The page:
traps going in the orchard from the
time the blossoms fell, but failed to
catch a single codling moth or a curcu
lio. Prof. Smith, entomologist of the
New Jersey station, says of the New
Jersey man that he has been told time
and again, and that if he will only
learn from experience, the best thing
will be lor him to get the experience
and get over with it. Prof Quaintance,
of Georgia (now of Maryland), says
that Mr. Haseltine misrepresented
him in his advertisement, and he does
not endorse the traps. Prof. F. M.
Webster, of the Ohio station says: "I
have known all along that the thing is
a fraud, and have thrown all letters re
garding it into the waste basket."
PrOf. E. Dwitfht Sanderson, of the
Delaware station, says that he turned
codling moths loose near the trap and
they failed to get into it. Prof Forbes,
state entomologist of Illinois, says: "I
have received several inquiries con
cerning the Haseltine moth catcher,
accompanied by their ludicrously ig
norant circular." Prof. Slingerland of
Cornell, says: "Most of the claims
made for this moth catcher or trap in
the advertising circulars are prepos
terous, and the use of such terms as
stinging fly, borer fly and others,
shows that the inventor is not familiar
with the insects which infest orchards
and other crops." Dr. L». O. Howard,
entomologist of the Department of Ag
riculture, Washington, D. C, says: "I
have no methods —Haseltine's and all
the rest —are failures as remedies for
codling moths." The writer of this, in
common with all other station officers,
has been asked time and again by cor
respondents in regard to the trap lant
erns for insects. We told our friends
last season that they were worse than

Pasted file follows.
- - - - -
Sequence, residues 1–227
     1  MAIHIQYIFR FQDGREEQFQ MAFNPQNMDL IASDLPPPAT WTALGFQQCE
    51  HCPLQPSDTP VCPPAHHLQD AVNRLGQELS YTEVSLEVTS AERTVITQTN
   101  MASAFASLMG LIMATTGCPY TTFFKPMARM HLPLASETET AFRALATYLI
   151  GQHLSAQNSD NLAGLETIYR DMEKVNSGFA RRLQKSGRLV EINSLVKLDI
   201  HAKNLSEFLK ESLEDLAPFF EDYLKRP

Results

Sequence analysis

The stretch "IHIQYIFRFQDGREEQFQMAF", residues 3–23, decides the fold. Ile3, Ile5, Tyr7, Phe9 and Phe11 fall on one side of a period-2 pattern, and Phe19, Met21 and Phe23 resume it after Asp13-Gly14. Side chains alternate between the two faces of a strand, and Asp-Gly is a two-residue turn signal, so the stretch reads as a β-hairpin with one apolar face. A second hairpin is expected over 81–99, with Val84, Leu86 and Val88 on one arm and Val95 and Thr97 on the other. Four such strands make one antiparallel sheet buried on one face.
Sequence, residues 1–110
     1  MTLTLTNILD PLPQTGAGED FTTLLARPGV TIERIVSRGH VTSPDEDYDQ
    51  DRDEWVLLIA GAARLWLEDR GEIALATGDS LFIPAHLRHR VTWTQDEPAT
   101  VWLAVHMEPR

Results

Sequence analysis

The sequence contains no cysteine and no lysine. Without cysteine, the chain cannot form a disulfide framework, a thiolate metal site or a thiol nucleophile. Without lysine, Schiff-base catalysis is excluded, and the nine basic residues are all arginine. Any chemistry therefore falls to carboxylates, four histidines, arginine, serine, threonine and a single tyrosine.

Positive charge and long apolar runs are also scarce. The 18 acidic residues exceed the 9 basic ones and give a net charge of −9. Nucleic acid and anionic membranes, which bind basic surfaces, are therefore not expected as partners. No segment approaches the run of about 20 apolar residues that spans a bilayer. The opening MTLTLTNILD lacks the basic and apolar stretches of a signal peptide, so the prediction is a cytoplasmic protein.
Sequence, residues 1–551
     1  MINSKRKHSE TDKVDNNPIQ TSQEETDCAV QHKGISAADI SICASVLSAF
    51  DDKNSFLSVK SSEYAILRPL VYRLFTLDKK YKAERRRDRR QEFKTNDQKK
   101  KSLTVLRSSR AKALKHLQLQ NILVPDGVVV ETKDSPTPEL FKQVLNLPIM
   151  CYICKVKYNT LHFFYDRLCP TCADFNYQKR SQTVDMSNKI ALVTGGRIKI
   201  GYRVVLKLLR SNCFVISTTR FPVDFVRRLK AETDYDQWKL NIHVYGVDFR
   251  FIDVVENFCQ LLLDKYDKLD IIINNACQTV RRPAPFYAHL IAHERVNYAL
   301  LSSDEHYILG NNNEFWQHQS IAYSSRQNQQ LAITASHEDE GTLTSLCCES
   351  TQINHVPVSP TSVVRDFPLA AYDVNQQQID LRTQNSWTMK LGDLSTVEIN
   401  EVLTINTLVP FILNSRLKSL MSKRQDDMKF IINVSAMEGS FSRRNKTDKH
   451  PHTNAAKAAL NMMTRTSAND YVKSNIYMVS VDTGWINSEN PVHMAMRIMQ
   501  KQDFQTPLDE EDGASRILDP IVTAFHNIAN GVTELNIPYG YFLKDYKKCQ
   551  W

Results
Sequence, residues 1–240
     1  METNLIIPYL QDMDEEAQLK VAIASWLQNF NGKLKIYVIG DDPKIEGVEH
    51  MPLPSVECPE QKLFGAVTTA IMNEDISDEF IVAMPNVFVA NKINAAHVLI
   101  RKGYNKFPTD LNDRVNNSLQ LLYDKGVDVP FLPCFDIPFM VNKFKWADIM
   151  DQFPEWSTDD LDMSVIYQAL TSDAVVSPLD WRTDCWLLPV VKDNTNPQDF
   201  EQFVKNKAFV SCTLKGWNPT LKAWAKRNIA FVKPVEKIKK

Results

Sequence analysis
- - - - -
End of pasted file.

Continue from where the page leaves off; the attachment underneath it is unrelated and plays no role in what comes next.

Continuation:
useless, and now we are glad to pub
lish this report from Missouri as a
warning to the readers of The Ranch
against the campaign for the coming
season of those interested in selling
these things. As we have said else
where wetested the traps twelve or
thirteen years ago and found they
took more friends than foes. Let them
The following interesting paragraph
is from the Weekly Tulare (Cl.) Reg
"Thon;as Thompson, who has a lit
tle place in the outskirts of Tulare,
had a pear orchard of thirty-five trees,
or more, that was early attacked with
the dreaded blight. Mr. Thompson did
not know what to do to defend his
trees, but, unlike many others, he
thought that he must do something,
and not surrender without striking a
blow; so he went into the orchard and
cut out the infected limbs as soon as
he detected the infection, cutting away
below the blight, and squirting a bit
of coal oil from a common oiler on the
freshly-cut stub of limb. The result
is that he has the best promise of a
crop in the neighborhood, and not a
sign of the blight at this time is to
be seen anywhere in the orchard."
New blood in poultry is the basis of
beauty, vigor and proliflcness. It is
more essential to successful poultry
culture than all else combined. Fowls